Careful not to disturb him, Dawn lowered her head to her father’s shoulder, breathing in the familiar scent of his pipe tobacco and starched collar. How could she ever remain impatient with him? With a skill she’d honed since earliest childhood, she focused her thoughts on this moment. In this moment, she was blissfully content. Tomorrow was yet to be. With luck, she would see the adventures only from the windows of a rolling train.

From the train window, the indistinct reflection appraised the serious young woman with green eyes. Dawn had been told often enough they were the same shade that made her mother so attractive. But unlike her mother, Dawn lacked the golden locks. Her brown hair favored her father’s, as did the firm line of her jaw. And like her father, her thoughts rarely strayed from her duty to support and serve.



Luke Brennan sat rigid in the straight-backed chair, prepared for the worst, as his employer squinted at him through a dense cloud of cigar smoke.

The barrel-chested man behind the desk pursed his lips as he studied Luke’s most recent drawing. “It isn’t the quality of your illustrations, Luke.”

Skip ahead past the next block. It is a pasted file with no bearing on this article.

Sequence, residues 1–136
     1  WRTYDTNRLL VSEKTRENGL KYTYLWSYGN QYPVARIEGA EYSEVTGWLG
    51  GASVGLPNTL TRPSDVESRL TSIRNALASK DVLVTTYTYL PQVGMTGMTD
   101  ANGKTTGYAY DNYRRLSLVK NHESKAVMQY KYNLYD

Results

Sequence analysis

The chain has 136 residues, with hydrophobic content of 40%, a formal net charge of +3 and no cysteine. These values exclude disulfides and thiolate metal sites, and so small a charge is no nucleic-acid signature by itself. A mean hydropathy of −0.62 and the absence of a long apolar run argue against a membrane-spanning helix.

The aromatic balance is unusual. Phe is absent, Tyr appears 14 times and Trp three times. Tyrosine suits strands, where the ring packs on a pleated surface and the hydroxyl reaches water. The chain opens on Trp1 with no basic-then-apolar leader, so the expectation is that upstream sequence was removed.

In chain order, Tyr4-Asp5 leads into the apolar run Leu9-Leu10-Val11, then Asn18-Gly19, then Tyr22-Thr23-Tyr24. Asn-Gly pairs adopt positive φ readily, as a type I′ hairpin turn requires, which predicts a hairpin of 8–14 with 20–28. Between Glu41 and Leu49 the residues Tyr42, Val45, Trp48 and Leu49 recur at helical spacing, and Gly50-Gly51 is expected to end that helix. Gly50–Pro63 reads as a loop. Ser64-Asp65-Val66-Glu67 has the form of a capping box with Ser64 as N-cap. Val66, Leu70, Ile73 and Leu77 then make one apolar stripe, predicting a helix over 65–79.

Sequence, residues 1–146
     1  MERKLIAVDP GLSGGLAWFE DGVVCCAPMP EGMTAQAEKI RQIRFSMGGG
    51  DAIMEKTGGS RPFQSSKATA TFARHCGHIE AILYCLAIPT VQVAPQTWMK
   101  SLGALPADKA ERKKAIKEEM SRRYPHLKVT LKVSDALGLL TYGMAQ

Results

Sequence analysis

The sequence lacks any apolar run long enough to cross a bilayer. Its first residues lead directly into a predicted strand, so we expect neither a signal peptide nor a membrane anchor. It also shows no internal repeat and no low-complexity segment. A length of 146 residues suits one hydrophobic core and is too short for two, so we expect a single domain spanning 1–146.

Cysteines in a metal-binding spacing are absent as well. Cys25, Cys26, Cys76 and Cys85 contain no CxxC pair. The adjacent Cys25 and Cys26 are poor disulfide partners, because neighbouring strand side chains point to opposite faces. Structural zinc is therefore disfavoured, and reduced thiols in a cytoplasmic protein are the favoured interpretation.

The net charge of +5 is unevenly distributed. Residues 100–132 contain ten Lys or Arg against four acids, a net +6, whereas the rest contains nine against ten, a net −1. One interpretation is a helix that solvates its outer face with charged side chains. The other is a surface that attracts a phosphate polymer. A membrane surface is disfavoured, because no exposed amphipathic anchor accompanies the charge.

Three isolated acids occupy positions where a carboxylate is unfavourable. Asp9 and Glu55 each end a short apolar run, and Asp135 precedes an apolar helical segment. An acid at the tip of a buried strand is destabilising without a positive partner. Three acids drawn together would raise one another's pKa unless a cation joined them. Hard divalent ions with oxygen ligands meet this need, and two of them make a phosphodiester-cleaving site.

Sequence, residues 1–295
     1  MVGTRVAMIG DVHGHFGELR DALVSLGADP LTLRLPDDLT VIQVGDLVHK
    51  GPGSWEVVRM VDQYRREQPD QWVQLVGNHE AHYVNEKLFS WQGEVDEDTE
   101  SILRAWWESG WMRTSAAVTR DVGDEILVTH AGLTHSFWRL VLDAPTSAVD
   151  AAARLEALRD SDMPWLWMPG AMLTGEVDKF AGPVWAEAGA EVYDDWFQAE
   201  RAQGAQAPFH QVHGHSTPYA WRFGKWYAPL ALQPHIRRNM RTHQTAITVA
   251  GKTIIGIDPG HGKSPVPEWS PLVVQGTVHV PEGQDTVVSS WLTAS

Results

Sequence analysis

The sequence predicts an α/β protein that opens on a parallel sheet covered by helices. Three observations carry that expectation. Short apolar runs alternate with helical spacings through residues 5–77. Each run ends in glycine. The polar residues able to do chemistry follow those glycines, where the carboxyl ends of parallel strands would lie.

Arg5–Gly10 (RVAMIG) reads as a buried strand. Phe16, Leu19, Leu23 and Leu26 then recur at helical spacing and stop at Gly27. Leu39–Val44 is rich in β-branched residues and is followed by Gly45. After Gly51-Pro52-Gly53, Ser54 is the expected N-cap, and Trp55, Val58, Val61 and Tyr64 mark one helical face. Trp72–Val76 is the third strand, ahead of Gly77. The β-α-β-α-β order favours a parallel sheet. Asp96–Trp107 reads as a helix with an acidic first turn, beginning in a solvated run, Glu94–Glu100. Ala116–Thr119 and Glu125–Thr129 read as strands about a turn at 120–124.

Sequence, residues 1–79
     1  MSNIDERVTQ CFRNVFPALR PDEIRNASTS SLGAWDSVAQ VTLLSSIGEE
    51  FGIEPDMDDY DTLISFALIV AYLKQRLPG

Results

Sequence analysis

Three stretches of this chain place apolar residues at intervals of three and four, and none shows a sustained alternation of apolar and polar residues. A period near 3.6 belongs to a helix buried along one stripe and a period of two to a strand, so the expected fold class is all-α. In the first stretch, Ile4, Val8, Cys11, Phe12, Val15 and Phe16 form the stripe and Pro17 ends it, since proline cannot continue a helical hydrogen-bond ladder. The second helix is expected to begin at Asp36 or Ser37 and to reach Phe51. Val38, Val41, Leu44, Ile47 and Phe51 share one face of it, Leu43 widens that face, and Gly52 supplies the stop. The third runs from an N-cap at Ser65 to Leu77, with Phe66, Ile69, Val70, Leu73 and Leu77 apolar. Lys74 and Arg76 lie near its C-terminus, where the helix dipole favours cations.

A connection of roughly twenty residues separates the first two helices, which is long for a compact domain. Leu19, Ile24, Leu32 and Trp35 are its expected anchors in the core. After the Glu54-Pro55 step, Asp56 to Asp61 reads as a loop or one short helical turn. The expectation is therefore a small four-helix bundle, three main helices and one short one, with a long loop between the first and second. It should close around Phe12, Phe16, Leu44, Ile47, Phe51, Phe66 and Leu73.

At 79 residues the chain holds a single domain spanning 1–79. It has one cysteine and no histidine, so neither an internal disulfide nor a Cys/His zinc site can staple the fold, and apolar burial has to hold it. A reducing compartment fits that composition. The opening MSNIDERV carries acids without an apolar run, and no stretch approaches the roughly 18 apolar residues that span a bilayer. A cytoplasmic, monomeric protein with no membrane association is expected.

Luke tried to interpret the editor’s tight, pained expression, uncertain whether the man was commiserating or experiencing another bout of chronic indigestion. He suspected the latter. Empathy was not among Mr. Carrington’s virtues.

The older man leaned back and shoved the cigar between his lips, taking one long draw and puffing another fetid cloud in Luke’s direction. “It’s business, purely business. The St. Louis-Dispatch is foremost designed to make money for our publisher, Mr. Pulitzer.” He waved his hand, and the cigar sent a thin smoky trail, spiraling to the ceiling. Luke imagined how he’d capture smoke with his pen. Of course, he’d need to consider the limitations of the engravers.

Luke followed the ribbon of smoke curling back upon itself and watched it transform in width as it drifted to the ceiling.

“Luke, are you listening to me?” The editor leaned forward, resting his arms on the edge of his desk, a scowl lining his brow.

Luke cleared his throat and brought his gaze back to the man.

Apparently satisfied, the editor went on, the pained expression deepening. “It’s a problem of speed. You submit half as many illustrations as everyone else on my staff.” His lip lifted into a sardonic smile. “Personally, I like your work. You have an eye for humor, like the drawing you made of the governor last month—the one where the woman’s hat is covering his lip.” He demonstrated with his cigar, posing with it close to his upper lip. “Looked like he was wearing the peacock feather right there! Brilliant!”

“Are you giving me notice?”